Jake was one of those individual who had a magnetic attraction to those who wanted to get rich. These people believed Jake was their instrument to wealth and fame. It was for this reason Jake was so successful at conning people out of money. Over a seven-year period it was estimated Jake raised more than thirty million dollars, however only seven million dollars of this money was ever documented. Robert Simpson Jacob was eventually convicted of fraud and sentenced to ten years in prison in 1986. He was eventually released and died shortly thereafter. Jake was still trying to find his Cave of Gold in the final month of his life.
Jake constantly talked about his cave of gold in the Superstition Wilderness Area. His story about a cave of gold in the Superstition Wilderness will probably survive and continue to be retold as long as there are dreamers out there who want to believe. Yes, I am sure there are people still searching for “Crazy” Jake’s Cave of Gold.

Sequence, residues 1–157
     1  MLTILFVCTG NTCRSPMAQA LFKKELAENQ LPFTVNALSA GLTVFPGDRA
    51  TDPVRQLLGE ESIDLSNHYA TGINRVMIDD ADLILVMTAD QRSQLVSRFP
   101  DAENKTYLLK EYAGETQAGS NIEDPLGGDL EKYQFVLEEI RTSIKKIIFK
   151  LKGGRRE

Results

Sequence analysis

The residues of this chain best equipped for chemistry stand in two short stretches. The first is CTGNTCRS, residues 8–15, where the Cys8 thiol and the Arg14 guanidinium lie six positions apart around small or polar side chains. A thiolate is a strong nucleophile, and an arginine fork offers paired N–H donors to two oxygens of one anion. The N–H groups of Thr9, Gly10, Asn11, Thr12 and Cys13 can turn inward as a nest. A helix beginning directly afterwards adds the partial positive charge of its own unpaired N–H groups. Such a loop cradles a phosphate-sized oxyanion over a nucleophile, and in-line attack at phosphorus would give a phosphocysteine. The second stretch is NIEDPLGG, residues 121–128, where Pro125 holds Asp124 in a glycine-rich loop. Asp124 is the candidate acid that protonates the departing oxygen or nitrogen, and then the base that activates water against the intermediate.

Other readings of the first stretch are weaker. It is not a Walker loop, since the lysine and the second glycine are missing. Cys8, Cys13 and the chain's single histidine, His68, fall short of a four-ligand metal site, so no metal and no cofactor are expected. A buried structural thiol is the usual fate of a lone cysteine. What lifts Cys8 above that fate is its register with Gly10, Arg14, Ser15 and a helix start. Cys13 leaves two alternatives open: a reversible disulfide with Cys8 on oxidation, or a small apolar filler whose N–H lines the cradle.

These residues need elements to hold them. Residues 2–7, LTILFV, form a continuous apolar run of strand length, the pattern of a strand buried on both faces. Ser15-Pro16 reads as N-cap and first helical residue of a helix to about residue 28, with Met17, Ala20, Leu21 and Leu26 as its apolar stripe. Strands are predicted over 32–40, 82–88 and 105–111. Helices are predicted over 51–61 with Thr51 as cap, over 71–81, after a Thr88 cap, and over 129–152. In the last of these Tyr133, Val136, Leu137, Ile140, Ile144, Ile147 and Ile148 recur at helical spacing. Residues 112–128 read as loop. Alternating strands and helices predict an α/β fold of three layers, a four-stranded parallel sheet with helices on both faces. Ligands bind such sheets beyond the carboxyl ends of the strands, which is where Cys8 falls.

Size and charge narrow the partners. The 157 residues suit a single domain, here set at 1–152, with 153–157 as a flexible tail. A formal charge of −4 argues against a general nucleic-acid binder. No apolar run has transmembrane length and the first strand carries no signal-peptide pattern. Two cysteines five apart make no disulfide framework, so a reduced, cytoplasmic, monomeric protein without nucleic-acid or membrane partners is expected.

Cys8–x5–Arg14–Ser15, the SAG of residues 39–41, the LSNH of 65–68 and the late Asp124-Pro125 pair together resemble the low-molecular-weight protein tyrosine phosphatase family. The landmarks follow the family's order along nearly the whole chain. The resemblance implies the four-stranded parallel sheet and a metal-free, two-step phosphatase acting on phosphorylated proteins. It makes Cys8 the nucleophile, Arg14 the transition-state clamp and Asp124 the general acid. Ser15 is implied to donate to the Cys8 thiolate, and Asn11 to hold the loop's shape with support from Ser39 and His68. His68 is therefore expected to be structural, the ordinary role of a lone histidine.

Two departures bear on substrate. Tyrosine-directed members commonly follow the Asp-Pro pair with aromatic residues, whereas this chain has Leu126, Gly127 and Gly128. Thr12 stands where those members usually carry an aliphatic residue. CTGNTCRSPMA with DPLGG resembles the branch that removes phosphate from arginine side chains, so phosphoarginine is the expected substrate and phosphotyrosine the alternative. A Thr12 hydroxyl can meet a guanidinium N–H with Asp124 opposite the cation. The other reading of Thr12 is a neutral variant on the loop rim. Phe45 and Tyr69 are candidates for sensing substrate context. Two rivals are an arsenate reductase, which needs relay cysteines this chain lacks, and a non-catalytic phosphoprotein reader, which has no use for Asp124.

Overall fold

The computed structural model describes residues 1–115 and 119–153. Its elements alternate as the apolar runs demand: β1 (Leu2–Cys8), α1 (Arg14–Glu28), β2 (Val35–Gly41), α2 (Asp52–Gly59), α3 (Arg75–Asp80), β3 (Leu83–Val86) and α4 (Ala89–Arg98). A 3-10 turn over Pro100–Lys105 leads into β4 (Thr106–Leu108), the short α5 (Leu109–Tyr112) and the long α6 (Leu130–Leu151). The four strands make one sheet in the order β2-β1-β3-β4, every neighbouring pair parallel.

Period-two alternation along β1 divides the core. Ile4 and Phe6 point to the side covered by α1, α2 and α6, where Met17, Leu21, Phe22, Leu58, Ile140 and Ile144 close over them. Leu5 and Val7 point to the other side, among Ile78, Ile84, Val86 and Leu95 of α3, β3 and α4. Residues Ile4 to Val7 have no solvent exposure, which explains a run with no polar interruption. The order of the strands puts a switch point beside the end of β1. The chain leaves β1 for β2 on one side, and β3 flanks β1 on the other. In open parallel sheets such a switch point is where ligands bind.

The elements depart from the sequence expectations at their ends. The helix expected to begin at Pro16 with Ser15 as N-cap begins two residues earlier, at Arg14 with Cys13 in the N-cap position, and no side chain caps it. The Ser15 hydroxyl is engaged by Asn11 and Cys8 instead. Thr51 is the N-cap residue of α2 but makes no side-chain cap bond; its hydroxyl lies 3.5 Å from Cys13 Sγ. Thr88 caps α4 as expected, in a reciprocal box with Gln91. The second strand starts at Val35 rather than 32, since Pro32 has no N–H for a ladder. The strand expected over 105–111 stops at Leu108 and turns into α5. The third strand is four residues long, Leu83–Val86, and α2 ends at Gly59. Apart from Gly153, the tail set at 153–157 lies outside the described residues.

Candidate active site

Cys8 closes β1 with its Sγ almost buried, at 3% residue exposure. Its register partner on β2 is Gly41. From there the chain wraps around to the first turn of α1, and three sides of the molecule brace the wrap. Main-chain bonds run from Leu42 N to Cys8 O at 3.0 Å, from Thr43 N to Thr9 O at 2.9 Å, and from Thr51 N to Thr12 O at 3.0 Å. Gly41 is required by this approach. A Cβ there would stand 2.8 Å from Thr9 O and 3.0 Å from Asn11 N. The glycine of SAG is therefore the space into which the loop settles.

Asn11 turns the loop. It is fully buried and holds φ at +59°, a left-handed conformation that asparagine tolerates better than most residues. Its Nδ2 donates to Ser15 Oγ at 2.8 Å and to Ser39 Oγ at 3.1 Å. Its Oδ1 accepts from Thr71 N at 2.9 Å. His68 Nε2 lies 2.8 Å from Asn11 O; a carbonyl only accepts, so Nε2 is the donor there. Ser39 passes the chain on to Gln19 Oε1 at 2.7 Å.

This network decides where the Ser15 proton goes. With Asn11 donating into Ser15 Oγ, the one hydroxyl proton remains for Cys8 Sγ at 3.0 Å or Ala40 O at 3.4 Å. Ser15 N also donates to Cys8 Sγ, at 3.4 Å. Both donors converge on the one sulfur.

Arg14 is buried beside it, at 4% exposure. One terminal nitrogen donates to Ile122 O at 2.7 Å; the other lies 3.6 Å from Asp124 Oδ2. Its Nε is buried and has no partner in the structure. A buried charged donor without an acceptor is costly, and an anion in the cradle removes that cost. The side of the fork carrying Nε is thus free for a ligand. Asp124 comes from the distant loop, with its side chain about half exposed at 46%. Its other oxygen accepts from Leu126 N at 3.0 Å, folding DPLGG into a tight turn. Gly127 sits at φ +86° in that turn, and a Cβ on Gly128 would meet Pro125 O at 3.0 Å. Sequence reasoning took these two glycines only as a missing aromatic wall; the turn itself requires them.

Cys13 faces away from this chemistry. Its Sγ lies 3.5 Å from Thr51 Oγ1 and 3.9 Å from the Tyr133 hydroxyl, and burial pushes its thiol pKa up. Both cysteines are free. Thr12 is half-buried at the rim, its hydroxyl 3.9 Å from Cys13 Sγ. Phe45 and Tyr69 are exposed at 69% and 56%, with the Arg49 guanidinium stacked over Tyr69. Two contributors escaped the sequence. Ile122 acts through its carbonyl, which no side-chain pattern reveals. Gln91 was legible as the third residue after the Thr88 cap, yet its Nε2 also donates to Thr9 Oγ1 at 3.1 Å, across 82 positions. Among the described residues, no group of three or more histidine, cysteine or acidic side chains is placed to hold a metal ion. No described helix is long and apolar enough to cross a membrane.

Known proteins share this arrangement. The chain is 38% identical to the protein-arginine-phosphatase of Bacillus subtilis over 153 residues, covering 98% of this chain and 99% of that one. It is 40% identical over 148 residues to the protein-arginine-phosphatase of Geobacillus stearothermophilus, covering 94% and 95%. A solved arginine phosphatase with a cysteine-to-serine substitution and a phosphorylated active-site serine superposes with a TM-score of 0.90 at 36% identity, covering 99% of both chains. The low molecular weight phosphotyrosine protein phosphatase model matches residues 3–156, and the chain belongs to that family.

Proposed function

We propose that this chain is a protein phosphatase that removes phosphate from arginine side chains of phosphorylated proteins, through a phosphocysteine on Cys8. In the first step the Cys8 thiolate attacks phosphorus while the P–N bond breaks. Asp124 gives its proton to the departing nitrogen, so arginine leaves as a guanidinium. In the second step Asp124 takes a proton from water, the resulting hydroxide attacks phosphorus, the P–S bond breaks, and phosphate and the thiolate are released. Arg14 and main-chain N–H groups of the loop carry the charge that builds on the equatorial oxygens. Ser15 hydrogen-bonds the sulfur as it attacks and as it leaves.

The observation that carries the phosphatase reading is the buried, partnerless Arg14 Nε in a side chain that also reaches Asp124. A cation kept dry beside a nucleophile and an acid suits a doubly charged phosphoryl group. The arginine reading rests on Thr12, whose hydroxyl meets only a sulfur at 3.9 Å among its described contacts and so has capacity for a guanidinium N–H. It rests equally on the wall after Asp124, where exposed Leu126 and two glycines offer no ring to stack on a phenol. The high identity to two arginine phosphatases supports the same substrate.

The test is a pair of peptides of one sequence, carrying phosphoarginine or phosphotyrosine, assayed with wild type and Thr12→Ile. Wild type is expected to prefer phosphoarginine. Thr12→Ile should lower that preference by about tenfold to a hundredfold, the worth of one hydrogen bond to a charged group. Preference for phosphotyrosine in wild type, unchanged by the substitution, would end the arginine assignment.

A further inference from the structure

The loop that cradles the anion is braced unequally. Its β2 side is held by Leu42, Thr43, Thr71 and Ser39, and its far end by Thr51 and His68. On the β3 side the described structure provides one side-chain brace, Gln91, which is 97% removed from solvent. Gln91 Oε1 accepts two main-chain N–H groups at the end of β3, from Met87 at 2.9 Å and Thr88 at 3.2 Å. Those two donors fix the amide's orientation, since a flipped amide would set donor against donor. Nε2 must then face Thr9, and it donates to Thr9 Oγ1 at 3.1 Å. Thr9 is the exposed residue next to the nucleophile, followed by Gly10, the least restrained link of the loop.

Ron Feldman began a search near Iron Mountain for a cache of gold bars. He was the first prospector to convince the forest service he had a valid claim. The government for the first time gave Feldman a Trove Treasure Permit to search for treasure in the Superstition Wilderness Area, On September 11, 2004, Feldman set up camp at Roger’s Trough Trail Head and proceeded to excavate an area nearby. His search did not produce any gold bars, but it did document the fact early miners had worked in the area prior to 1850’s. Feldman’s search continues to be a hallmark in accession rights of prospectors and miners with the United States Department of Agriculture, Department of Forestry.
Now the “Cave of Gold” story can be found on various sites on the world-wide web. In addition to Williams, Baxter, Jacob, Feldman there are others who have made the claim of a cave filled with gold bullion, nuggets, or high grade in the Superstition Wilderness Area.
The stories of lost caves full of gold bars in the Superstition Wilderness Area are never ending. If such a cave were ever found I am to first to suggest it will be filled with copper instead of gold ingots. As far fetched as that may seem; many years ago a cache of copper bullion poorly smelted was found in cave near the Globe-Miami area. Little information exist today about this discovery, however it could explain all the stories about caves full of gold bullion in the region.